By Dave Smith

Have you ever seen a situation at a client site where factions are warring over technology decisions? Who hasn’t? The usual gut reaction of most consultants is to avoid getting involved in these discussions like you would avoid getting the plague. One offhand comment to the wrong person and you become “part of the problem.”

But I believe consultants can help resolve these situations, given the right approach and a commitment from management. In this article, I’ll share the quantitative process I use to give recommendations on technology decisions.

A word of caution
If you’re being asked to end a “religious war” over a technology decision for a client, I recommend considering these prerequisites:

  • Make sure you are funded to take on this kind of problem. Managers are often anxious to resolve these situations once and for all, so they are open to spending some money. But don’t do it on the side as if you are addressing another project, or these kinds of issues will swallow you whole.
  • Don’t take on the assignment if you have a vested interest in the outcome. Your bias will affect the way you behave, and that bias will become obvious to all involved. You need to behave dispassionately and objectively at all times during this assignment, even when having coffee with your buddies. The objective must always be the “right answer” for the shareholders, and your behavior must exude that.
  • Don’t take on the assignment if managers at the level at which you are being engaged are warring over the issue. You need to be engaged by someone a level or two above the issue or else you’ll just be a hired mouthpiece for one side.

A method for measuring the technology options
That said, you must make the process of resolving a technology war quantitative. In other words, you need to “measure” which technology is better. A qualitative approach—one where you make a choice by your “gut feeling”—obviously will not work if the warring parties have become emotional. The key to the success of a quantitative approach is that it seeks to strip the emotion out of the decision process. I’ve adapted mine from a standard request-for-proposal process. Here’s how it’s done:

  1. Assemble a team with the major stakeholders represented. It’s best to first interview these folks individually to find out where they are coming from and what their objectives are for the exercise.
  2. Ask potential vendors to present information on the technologies in question as an initial education exercise. This helps the group prepare a list of requirements that are in tune with what is possible from the technology. Those vendors should be the leading companies in their respective technology areas.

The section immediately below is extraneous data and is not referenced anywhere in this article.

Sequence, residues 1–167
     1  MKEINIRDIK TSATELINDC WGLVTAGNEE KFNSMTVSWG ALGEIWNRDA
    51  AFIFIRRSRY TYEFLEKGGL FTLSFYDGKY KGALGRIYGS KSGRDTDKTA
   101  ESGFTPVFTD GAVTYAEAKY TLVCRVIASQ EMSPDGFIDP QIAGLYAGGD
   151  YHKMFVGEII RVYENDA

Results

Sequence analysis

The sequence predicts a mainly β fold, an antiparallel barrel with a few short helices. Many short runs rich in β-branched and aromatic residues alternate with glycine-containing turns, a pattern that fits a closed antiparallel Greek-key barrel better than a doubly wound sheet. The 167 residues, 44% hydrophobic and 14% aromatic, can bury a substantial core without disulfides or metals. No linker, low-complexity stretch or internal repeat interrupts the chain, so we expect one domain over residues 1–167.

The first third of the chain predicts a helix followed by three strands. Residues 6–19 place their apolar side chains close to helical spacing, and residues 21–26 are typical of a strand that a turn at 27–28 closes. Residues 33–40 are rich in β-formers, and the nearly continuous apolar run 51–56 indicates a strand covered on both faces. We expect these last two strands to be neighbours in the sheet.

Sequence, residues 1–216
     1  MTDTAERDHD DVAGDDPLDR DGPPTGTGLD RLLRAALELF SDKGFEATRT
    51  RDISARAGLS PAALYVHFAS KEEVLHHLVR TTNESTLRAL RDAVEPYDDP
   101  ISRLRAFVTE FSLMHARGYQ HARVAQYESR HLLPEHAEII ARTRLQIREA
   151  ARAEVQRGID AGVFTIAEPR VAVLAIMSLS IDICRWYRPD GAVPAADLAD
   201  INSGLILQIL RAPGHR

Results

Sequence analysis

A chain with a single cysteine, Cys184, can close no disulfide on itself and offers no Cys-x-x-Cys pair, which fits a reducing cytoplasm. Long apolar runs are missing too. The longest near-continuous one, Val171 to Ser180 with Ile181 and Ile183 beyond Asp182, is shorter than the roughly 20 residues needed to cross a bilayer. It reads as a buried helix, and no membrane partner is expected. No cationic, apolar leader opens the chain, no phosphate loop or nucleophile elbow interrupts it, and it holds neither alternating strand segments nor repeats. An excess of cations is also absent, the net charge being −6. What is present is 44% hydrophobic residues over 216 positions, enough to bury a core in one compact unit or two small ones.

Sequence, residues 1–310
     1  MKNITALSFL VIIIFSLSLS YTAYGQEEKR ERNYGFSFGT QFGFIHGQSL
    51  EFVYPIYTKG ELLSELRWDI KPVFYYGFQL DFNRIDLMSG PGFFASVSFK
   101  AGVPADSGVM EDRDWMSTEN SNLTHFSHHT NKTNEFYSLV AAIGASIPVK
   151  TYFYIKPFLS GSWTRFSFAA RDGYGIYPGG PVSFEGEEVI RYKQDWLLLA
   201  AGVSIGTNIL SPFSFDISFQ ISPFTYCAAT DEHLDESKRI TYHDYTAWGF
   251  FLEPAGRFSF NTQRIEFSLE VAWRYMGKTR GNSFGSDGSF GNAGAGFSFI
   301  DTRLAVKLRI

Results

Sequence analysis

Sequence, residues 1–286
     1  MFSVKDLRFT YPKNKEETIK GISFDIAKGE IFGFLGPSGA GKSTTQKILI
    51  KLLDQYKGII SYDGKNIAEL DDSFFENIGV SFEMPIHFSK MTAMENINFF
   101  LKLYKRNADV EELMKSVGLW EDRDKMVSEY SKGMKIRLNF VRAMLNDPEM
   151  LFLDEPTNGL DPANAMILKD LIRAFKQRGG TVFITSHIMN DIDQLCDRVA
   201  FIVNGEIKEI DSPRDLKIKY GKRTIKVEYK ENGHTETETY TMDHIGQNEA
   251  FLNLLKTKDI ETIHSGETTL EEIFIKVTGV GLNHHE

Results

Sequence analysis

3. Have the team compile a list of requirements for the technology based on real business or technical needs. You can prepare an initial draft of the list, but the team members need to finish it and make it their own, which is best accomplished in a workshop session. Then, have the team members weight the requirements according to importance—and don’t let them just label all requirements “high.” Weigh them numerically and make the total add up to 100, which will force the group to make hard decisions about what is important.
  1. Send the requirements to the vendors and ask them to respond. Depending on how much time you have, you can ask for a formal written response along with a presentation or just a presentation.
  2. When the vendors present their products, the team members should score them on each of the criteria using a scale of “0 to 10” or “0 to 5.” Average the score for each criterion and then multiply that by the weight the team had decided for that requirement. The total percentage score you now have for each technology in question will tell you which technology the team prefers. (Avoid tallying the total score until everyone has marked all the individual requirements. Otherwise, some members may change their answers to influence the outcome.)

If there is more than a 5 percent difference in the scores between vendors, your evaluation is relevant. Any less and it’s too close to call.

Dave Smith is an independent consultant who specializes in IT strategy and technical architecture. He has 16 years of experience with IBM products and was recently a partner in an emerging technologies consulting start-up.

Do you get involved in your clients’ disagreements over how IT dollars should be spent? How do you help them resolve these issues? Post a comment below or send us a note.

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